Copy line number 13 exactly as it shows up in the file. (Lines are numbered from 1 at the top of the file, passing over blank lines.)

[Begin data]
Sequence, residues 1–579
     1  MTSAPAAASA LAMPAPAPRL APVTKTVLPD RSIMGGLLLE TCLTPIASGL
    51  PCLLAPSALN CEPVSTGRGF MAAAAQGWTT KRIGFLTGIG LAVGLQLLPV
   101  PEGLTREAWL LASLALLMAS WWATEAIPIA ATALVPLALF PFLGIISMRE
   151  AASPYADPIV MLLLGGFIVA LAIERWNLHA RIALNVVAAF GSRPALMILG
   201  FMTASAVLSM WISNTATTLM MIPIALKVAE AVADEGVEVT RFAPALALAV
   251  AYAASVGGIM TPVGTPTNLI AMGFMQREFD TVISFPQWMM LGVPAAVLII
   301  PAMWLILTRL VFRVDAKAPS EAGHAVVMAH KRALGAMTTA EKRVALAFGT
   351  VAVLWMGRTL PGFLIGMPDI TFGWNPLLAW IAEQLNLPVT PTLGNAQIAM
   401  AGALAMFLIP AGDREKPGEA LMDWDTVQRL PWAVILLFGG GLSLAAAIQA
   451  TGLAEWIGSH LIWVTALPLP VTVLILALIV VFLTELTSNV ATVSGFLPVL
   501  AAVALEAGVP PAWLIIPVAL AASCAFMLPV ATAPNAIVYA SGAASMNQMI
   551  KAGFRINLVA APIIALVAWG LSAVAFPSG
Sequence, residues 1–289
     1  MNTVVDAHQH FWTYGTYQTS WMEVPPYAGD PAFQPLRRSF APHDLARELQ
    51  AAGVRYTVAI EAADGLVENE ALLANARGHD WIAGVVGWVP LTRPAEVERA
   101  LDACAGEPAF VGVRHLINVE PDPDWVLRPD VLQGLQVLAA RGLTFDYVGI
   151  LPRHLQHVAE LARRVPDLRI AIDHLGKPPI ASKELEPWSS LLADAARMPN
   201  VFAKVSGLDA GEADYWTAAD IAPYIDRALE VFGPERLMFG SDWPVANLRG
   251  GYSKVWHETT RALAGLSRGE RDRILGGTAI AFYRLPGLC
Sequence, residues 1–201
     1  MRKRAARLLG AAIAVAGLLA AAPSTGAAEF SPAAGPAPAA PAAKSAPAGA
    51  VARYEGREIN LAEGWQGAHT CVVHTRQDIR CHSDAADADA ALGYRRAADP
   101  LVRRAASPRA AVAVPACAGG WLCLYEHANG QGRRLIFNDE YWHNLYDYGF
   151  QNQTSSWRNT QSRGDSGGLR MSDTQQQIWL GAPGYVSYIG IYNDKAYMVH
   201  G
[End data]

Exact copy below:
   551  KAGFRINLVA APIIALVAWG LSAVAFPSG